One last word on Irene. Our rivers flooded, roads washed out, houses and businesses and cemetaries floated away, but for the most part the ponds held.
Yes, there were a few large municipal ponds that
leaked, and I heard of one snowmaking pond that flooded, but there are tens of thousands of man
made ponds in the northeast, and the dams and spillways handled the rain and runoff. I’d say that’s a real tribute to the builders, owners, and contractors who have maintained their ponds.

2) Aging Ponds. Here’s another phenomenon that
I’m seeing frequently, and this year was no exception. A lot of ponds were built in the 70s and 80s, and if they included steel piping, those pipes are corroding and rusting. If those pipes were feeder systems from a stream or other source, repairs may involve a pretty straightforward replacement; and putting repairs off for a while might bother your water supply, but not threaten pond integrity. But if the pipe involved is a discharge spillway through a dam, you’d better pay attention. I’m seeing a lot of standpipes rusting at the intake, and along the barrel, and elsewhere. As the pipe rots away, leaks may lower the pond waterlevel. And if the leaks get bad enough, the system could blow out and tear the dam apart and flood land downstream. It’s not a situation I would procrastinate about. Plans for repairs can involve various options that get confusing. Tear out the entire system and replace? (Not cheap.) Fix the standpipe alone and save money? (How long will the rest of the system last?) Tear out the system – or plug it up – and replace the pipe with a natural spillway? Lots to think about.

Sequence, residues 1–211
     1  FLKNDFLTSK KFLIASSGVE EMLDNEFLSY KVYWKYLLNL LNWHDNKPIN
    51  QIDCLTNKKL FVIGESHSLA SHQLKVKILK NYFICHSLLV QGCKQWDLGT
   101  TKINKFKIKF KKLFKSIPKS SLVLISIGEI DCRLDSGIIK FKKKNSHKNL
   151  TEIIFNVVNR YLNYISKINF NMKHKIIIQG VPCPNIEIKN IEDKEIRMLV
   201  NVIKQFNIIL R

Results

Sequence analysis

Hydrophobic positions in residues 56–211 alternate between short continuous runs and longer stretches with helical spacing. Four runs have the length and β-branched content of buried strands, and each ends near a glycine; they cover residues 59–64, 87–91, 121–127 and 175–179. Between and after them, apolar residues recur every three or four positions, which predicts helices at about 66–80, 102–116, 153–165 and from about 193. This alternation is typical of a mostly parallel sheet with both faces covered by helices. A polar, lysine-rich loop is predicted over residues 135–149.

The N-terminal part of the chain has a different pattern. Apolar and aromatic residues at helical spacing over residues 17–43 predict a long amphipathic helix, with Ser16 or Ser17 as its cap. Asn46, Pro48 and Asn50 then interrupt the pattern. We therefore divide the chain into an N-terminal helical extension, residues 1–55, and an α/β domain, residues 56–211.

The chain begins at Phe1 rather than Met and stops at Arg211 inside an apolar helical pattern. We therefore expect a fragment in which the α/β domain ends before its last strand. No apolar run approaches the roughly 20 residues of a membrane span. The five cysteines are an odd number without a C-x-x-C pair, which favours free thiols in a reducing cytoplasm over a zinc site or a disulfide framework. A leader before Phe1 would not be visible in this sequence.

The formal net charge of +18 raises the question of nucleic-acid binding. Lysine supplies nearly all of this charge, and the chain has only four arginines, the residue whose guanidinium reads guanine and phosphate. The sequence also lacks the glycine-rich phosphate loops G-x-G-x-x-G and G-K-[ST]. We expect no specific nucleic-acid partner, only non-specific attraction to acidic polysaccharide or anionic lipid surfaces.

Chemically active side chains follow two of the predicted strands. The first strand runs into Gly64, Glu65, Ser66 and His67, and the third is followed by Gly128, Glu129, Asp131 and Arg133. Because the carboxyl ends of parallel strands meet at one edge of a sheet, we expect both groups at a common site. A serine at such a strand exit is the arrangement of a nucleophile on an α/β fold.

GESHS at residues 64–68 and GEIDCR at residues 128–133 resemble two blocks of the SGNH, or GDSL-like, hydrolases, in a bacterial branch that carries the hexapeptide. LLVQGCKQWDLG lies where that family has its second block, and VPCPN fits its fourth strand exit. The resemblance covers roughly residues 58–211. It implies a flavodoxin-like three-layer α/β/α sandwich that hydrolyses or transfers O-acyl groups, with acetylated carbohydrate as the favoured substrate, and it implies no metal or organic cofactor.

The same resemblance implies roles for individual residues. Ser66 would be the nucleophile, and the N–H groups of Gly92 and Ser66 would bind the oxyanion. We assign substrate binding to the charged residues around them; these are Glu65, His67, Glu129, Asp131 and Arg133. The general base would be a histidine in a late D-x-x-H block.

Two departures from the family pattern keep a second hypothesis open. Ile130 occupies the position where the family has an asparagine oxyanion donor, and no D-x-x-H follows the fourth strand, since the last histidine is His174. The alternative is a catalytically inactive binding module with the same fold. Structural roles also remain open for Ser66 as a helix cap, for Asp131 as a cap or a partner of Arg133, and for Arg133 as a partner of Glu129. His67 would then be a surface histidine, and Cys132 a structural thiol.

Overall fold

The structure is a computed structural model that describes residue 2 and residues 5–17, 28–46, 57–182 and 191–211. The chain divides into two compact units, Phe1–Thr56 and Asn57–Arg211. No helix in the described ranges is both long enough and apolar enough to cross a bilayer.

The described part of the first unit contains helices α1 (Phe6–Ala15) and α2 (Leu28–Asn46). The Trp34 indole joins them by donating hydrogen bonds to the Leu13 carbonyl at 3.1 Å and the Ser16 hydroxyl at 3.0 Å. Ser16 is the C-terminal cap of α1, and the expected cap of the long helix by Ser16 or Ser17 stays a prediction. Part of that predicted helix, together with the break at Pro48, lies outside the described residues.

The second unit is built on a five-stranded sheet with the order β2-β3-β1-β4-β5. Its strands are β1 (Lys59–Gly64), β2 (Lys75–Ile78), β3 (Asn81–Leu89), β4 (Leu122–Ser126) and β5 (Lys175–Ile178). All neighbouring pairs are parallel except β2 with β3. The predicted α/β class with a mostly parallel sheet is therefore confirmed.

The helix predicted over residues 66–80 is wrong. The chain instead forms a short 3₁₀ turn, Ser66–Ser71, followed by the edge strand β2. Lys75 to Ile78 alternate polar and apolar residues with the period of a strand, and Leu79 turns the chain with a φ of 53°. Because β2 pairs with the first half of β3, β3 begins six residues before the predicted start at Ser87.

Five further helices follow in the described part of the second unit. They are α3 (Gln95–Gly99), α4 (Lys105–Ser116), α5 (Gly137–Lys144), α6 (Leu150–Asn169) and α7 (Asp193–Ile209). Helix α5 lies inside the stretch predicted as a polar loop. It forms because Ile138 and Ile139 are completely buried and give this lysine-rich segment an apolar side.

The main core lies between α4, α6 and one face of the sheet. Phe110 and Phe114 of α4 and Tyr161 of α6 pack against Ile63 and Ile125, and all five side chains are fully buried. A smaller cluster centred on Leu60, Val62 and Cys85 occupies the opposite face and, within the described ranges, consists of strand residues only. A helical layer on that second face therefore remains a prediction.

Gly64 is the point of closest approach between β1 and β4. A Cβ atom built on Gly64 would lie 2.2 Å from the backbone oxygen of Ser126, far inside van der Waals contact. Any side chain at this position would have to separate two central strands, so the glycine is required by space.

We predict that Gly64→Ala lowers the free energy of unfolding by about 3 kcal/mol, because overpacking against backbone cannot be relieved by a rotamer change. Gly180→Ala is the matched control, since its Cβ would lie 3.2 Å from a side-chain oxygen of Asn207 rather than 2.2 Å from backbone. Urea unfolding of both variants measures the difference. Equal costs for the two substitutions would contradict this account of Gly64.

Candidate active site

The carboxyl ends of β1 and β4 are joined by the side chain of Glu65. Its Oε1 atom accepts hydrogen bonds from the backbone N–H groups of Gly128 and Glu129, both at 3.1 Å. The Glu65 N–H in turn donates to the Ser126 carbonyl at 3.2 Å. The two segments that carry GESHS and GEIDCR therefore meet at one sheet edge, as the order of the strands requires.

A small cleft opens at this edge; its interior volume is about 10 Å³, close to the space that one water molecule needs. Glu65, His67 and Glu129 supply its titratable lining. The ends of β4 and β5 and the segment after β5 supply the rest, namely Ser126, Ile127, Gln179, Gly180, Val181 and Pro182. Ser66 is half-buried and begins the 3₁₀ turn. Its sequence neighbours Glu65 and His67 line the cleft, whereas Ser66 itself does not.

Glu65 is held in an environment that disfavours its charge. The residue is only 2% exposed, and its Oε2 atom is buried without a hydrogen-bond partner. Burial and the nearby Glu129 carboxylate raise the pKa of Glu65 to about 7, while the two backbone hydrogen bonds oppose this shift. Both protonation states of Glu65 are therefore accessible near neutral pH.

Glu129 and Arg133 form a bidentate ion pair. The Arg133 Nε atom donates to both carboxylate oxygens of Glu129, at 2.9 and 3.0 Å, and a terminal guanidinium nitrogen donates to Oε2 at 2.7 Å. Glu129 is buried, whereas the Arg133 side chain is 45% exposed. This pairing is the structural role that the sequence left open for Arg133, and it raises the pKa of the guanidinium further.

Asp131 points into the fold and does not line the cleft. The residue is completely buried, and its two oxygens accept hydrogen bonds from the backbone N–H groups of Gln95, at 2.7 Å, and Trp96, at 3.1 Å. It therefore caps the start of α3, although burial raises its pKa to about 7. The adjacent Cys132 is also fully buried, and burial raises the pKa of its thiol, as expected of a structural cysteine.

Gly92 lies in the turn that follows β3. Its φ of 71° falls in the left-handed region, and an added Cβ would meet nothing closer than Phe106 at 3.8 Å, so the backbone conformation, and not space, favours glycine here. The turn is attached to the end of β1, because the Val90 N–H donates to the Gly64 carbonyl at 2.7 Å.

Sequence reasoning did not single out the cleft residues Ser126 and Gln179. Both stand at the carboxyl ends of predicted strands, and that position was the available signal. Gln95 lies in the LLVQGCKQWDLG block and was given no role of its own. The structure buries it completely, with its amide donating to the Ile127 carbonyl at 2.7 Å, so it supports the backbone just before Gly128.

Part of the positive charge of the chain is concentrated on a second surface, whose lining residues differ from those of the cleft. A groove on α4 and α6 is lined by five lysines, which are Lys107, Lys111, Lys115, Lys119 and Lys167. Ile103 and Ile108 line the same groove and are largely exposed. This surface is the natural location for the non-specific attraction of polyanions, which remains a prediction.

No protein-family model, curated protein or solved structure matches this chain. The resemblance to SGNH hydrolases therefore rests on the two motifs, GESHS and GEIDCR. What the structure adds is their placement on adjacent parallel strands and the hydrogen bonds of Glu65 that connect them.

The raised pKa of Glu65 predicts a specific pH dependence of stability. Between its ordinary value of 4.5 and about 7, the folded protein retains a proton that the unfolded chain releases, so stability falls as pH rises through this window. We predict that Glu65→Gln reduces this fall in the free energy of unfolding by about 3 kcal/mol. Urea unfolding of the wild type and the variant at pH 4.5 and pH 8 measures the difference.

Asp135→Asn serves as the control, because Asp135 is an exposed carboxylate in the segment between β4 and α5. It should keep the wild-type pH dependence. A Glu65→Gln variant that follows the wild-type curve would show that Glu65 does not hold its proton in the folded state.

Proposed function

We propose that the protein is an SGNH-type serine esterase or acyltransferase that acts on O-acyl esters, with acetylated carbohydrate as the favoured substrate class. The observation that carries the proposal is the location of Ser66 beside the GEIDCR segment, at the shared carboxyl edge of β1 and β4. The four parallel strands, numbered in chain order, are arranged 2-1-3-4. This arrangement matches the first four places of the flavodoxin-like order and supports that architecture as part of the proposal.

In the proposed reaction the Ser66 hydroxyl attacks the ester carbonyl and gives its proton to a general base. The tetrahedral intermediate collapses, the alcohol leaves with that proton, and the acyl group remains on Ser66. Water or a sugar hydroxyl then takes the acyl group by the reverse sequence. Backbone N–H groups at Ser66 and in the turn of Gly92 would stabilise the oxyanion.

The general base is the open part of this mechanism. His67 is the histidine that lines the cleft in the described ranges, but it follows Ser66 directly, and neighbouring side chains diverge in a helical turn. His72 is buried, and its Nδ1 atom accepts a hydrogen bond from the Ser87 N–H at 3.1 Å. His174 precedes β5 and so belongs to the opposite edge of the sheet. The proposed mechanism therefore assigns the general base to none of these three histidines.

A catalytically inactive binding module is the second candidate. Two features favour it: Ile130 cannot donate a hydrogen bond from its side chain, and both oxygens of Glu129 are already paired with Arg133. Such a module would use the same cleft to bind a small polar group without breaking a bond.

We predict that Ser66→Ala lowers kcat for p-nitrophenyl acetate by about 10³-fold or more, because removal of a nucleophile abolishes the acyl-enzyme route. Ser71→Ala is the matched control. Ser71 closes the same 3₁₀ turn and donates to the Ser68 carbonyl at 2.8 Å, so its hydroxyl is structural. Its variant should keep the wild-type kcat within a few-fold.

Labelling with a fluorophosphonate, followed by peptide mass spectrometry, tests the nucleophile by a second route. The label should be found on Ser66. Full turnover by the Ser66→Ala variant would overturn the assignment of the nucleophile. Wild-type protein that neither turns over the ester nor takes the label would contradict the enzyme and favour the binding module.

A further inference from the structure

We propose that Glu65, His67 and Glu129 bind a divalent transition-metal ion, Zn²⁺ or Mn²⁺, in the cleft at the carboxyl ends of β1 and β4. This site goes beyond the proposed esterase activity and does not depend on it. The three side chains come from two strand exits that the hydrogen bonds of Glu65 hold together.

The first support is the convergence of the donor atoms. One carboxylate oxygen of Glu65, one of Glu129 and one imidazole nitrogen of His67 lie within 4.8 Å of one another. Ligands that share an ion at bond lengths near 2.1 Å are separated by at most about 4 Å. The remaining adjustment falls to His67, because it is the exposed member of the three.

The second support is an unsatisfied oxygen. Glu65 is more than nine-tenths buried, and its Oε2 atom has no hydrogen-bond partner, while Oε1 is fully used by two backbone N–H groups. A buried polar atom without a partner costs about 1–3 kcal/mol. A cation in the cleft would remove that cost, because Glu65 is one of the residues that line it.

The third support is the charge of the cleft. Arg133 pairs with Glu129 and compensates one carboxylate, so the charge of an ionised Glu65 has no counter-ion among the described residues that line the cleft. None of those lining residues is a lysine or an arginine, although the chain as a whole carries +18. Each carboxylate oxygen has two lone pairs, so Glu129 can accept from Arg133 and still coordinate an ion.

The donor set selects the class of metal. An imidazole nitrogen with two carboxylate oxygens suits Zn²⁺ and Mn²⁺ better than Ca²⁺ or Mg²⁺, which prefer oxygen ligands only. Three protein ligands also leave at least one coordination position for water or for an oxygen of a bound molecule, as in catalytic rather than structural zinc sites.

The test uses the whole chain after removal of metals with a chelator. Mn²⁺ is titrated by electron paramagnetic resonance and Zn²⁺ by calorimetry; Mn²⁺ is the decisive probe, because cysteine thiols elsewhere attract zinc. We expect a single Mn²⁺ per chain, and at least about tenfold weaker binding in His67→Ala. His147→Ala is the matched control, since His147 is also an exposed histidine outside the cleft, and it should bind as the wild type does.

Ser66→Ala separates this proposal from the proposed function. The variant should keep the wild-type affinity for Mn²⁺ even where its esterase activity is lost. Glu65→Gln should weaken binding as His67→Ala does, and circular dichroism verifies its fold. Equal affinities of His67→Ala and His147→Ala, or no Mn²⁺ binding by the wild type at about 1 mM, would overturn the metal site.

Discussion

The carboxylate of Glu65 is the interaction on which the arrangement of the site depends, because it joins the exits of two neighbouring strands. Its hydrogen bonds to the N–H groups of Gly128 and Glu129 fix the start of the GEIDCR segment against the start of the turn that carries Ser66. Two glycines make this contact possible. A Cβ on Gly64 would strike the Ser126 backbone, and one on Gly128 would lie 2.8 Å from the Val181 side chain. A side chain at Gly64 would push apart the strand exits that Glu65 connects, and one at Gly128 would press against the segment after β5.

Regardless of whether many old ponds had decaying
piping or not, there were many that needed
a good cleanout. Years of accumulating sediment,
leaves, etc, in the water; as well as trees and shrubs encroaching on the shore and dam, demanded
maintenance. Some of these ponds had long time owners, others were recent buyers of the property.
Some were summer/weekend people, some year round residents. But all understood that the time had come
to do the upkeep – or lose the pond. I’m glad that
Vermont wetland laws allow for cleanouts of existing ponds without the need for special permitting.

A word of warning regarding cleanouts. In one of my pond encounters I saw a pond with a nasty invasion of pond scum/algae across the bottom. It turned out
this plant growth was something completely new to
the pond. A couple of years ago the owner hired a contractor to dig out 30 years of accumulated sediment to deepen the pond. There had been no algae problem then. Well, the pond got deeper alright, but the next year the algae invaded. The best the owner could deduce, the excavator that was used had brought in fragments of algae from an earlier job, and infected the pond. It’s the same thing that happens when fishing boats travel from lake to lake spreading milfoil and other invasive plants. I guess the best you can do is caution your contractor to wash down his equipment thoroughly before showing up.